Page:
The end of each lap was parallel to the race finish. As I came into town for my last turnaround I was in a world of pain. But everyone says you have to look good in public so I made myself run the kilometre in and out of town before disappearing around a corner and having to walk for quite a while. In the end I walked most of the final lap but I knew it was almost over. The soles of my feet hurt like hell but apart from that I was just tired. Having been eating and drinking all through the run as well I wasn’t shocked that towards the end all I could stomach was water. I tried to shovel down some jelly beans and pretzels but it wasn’t a great idea in the end! At the 38km mark I made the decision that I would run the whole final kilometre. I upped my walking pace up until that point – I had to beat 14 hours.
Well the last kilometre was a dream. I ran the whole way. The finishers chute was a wall of sound that I imagine only professional sports people usually get to experience. I crossed the finish line feeling great in a time of 13hrs and 37min. Slower than I had wanted but still under the 14hr mark.
After you finish and get the medal and towel they take your official photo. AB was there to meet me at the end having finished 2hrs earlier. I was glad as he took me to the massage tent where I went through more pain than in the entire race. But it was worth it. Then a quick feed before collecting our gear and heading home.
I really don’t think I want to do another Ironman. The race day was good fun really and an awesome experience but you have to put in so much time to get to that point. Someone had written in chalk on the run course something like, “the miracle isn’t that you will finish Ironman, it is that you made it to the start”. And I agree.
There is no way that I could have done this without the support of Alison, Zoë and Angus. I’m sure I’ve put them through way too much since I started targeted Ironman training when the rest of the club were on a rest break back in April! My parents were pretty awesome as well, interested in different ways but very supportive of my goal.
My Coach, Ben Gathercole, is a master. He knows what to do and how to motivate his athletes. All I had to do to end up an Ironman was to do exactly what I was told. It was hard, tiring and at times infuriating but he is the man.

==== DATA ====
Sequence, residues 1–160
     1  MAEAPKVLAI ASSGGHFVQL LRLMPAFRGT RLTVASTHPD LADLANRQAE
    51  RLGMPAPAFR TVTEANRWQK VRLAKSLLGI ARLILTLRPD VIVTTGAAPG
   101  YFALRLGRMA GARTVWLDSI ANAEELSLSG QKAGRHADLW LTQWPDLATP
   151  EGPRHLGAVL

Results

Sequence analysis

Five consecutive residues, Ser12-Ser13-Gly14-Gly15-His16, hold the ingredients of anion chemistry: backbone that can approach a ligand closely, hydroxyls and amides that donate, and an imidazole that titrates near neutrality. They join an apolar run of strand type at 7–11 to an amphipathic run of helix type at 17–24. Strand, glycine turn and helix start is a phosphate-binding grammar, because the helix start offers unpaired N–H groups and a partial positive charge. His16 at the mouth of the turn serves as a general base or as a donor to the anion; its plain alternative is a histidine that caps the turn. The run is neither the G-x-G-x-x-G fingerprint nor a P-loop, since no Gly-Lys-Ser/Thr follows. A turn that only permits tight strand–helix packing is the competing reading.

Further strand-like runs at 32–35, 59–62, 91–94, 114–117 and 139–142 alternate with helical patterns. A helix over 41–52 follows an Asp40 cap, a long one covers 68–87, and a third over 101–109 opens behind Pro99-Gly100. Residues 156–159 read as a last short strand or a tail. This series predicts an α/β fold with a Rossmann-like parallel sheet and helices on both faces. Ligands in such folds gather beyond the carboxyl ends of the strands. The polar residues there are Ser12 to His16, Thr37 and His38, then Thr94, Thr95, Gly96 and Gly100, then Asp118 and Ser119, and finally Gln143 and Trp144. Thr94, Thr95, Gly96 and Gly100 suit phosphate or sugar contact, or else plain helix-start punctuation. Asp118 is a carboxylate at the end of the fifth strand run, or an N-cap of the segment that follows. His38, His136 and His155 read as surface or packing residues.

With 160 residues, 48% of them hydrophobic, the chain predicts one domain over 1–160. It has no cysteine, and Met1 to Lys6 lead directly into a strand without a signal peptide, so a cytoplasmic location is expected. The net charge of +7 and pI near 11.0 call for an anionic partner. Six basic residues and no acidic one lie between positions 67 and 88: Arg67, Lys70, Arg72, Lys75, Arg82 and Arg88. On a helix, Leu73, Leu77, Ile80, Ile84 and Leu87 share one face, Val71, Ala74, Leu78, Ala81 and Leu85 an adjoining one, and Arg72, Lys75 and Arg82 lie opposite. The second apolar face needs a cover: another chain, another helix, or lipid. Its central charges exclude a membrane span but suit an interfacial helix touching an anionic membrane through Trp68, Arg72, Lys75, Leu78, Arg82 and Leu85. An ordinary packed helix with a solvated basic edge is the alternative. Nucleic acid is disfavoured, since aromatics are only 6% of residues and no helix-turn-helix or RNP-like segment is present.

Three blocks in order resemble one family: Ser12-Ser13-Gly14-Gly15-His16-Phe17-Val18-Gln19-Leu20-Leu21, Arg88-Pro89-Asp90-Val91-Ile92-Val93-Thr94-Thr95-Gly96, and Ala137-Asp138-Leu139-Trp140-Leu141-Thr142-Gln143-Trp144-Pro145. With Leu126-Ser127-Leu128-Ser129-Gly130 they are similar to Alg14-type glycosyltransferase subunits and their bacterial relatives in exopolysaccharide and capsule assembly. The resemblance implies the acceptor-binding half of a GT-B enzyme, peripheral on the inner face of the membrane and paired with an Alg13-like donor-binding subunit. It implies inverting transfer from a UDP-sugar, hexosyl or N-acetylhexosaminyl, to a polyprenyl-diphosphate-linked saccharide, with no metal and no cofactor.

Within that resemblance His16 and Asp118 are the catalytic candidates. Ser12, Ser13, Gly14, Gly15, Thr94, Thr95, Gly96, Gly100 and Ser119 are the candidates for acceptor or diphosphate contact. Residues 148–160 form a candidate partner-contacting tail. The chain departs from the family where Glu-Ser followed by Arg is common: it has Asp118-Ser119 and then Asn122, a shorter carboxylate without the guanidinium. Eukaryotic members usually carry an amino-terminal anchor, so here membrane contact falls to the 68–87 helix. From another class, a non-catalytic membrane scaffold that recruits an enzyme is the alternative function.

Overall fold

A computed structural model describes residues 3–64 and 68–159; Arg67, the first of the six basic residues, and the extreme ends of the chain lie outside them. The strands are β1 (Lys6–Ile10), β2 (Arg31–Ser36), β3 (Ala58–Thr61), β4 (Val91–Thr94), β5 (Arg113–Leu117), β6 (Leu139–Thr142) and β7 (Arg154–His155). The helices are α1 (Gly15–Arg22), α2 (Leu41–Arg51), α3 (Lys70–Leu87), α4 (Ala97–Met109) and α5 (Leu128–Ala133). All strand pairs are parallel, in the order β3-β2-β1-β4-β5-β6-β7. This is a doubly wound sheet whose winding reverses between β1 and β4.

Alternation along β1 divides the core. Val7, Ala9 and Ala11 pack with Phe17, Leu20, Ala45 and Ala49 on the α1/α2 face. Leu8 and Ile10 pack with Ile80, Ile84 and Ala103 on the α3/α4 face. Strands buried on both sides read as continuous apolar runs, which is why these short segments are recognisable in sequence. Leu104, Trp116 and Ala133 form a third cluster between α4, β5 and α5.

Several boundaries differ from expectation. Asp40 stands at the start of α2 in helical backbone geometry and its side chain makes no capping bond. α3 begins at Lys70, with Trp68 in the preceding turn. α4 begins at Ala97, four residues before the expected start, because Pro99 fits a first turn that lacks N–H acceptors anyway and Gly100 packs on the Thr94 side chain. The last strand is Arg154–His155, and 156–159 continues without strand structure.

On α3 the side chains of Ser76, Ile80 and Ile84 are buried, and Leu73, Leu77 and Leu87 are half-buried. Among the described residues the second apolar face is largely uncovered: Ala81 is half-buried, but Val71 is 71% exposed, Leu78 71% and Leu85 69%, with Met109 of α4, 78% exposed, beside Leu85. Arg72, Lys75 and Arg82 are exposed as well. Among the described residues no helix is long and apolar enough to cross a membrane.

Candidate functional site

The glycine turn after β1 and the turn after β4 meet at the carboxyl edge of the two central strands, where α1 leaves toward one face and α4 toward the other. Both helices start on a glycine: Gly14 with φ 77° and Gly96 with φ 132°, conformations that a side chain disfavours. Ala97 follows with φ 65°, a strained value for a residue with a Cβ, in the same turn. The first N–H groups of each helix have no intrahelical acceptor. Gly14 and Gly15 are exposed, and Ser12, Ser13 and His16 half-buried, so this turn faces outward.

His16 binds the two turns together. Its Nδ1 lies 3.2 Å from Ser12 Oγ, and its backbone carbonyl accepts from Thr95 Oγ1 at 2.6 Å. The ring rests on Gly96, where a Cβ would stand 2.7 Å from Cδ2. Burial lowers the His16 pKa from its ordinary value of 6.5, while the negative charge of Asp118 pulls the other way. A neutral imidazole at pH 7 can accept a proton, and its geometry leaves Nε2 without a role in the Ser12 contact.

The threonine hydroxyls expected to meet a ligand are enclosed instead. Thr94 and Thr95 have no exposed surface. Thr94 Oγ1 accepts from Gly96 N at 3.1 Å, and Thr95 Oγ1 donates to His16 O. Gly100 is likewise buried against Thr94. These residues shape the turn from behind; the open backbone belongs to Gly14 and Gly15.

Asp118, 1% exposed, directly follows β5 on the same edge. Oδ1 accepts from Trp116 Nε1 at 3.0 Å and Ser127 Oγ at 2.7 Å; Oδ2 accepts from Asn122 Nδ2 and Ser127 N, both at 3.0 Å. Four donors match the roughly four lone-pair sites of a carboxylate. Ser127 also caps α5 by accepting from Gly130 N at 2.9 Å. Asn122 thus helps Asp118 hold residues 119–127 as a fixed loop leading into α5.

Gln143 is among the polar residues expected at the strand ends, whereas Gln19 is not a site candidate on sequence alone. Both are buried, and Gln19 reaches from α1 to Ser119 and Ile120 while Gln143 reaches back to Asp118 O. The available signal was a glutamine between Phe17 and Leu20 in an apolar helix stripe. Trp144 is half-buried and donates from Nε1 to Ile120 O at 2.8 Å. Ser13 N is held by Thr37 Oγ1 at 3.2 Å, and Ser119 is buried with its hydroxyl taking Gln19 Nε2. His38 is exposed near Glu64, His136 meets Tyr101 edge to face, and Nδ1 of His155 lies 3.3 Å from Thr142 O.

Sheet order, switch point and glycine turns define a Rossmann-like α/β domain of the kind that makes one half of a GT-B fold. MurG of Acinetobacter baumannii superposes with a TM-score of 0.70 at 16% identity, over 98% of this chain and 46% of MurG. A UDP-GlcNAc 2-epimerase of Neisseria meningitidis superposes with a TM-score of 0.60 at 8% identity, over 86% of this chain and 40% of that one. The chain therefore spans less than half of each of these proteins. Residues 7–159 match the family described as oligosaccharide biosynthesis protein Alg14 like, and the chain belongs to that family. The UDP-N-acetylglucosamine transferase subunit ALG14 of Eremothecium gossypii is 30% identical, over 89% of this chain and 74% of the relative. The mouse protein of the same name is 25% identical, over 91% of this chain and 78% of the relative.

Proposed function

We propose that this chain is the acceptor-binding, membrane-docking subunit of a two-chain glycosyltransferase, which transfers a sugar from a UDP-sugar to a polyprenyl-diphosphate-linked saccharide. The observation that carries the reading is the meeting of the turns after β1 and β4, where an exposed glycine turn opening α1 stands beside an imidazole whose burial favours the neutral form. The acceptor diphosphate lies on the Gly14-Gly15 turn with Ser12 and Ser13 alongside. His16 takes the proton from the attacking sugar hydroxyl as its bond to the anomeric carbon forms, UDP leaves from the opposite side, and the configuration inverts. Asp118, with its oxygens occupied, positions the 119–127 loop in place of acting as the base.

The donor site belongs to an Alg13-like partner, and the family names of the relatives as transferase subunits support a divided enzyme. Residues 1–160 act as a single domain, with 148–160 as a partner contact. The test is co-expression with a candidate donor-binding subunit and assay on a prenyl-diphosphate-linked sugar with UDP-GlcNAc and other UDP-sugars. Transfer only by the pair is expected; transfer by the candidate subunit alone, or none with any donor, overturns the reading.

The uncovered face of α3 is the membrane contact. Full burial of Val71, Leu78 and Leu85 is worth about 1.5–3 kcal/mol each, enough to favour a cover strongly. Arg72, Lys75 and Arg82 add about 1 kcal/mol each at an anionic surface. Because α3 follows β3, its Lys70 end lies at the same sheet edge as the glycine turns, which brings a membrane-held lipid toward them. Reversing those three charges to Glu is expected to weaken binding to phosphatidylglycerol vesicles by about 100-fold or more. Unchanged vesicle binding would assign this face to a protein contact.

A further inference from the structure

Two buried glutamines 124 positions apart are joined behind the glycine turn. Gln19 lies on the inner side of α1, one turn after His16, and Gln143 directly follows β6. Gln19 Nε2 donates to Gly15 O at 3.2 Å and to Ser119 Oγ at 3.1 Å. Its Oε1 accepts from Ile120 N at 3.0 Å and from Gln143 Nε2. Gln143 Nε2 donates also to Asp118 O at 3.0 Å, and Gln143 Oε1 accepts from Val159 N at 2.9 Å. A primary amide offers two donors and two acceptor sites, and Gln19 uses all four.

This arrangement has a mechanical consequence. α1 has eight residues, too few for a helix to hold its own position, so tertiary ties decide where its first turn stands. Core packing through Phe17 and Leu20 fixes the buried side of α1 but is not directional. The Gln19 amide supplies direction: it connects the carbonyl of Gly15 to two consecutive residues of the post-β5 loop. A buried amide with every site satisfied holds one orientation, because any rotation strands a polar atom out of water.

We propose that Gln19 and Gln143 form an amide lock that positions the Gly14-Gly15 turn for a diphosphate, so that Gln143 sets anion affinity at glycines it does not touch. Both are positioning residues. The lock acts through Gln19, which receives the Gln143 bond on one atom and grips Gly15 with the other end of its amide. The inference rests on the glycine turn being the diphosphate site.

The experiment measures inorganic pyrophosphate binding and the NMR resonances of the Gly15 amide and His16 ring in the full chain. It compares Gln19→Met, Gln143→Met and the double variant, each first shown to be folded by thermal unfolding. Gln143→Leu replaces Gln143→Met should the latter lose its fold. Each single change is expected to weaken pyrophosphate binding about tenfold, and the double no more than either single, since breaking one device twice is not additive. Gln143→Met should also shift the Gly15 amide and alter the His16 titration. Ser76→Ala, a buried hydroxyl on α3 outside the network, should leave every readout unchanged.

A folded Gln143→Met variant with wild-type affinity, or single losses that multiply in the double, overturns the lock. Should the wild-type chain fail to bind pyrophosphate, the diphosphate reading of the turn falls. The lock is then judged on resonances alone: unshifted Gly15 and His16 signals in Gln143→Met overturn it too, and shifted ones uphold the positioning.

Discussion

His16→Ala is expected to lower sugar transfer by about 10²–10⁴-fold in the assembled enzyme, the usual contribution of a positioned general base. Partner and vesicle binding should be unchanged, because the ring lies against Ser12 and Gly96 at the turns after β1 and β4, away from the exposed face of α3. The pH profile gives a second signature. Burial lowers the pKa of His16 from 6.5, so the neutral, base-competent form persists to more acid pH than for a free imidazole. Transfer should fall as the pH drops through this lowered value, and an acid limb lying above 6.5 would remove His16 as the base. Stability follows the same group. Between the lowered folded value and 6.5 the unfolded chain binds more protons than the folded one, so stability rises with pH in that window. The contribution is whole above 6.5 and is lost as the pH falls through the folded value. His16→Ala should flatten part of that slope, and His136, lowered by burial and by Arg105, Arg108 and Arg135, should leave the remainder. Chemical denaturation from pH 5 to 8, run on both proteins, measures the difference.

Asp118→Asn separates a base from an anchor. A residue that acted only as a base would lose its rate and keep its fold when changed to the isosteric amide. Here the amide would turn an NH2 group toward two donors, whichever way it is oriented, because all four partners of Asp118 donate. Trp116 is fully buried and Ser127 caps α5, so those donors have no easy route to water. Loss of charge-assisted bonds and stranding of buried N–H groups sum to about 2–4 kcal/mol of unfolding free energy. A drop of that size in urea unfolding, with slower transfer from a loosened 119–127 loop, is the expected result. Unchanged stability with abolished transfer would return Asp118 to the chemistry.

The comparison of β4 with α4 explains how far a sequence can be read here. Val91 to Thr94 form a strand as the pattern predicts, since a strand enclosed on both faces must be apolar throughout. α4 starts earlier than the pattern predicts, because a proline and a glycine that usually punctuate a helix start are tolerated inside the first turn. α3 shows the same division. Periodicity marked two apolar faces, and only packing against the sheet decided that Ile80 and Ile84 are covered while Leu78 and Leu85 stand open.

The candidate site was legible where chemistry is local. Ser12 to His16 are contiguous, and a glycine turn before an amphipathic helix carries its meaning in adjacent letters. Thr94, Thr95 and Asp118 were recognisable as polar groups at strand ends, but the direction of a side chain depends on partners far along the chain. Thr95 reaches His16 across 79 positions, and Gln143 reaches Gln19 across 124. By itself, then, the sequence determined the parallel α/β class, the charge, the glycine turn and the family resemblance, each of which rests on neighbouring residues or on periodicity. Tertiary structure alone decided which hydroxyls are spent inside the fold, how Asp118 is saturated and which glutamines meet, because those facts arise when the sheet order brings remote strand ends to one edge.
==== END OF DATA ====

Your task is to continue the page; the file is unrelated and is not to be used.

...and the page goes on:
And the guys I trained with; Craig, AB, Seppo and Pete were magnificent. Although it is a solo race the bulk of training, especially those 6hr rides, are team efforts especially in terms of support and motivation. It was like being part of a brotherhood. Not to mention all the other Tridents who came out riding with us or were kind to us in the pool when we were struggling with major fatigue.
Being in the Tridents Triathlon Club has been fantastic. The number of messages we all received during training and while in Western Australia was astounding.
I’m going to single out a couple of people here who provided support and motivation above and beyond. First of all Steve. Steve has done 10 Ironman distance races. He and his family are having a tough time at the moment but he’s been with me in spirit through my sessions. His advice about looking good in the finishing chute was invaluable!
My Ironman family in WA; Roger, Margaret and Shelley. What a great support crew. You guys were amazing, kind and so supportive.
Then there’s Jo. Jo did her first Ironman early in the year. She came out on long rides with us, baked us muffins for the end of long Saturday swims and provided a constant torrent of supportive emails and text messages. That was awesome.
Al, who loaned me his tri bars and bike bag - thanks mate!
And Retlaw. From washing our hair in the showers at the pool (seriously) to dragging me around on the bike and in the pool, Ironman Retlaw was nothing but positive. He told me it was OK to fall asleep at work on a Wednesday between the 3hr ride in the morning and the afternoon run session!
My colleagues have also been very supportive. They no doubt mostly think I am insane but they have smiled politely as I had trouble walking up stairs or finding enough food to shovel in!
So, that’s it. Mission accomplished. What next??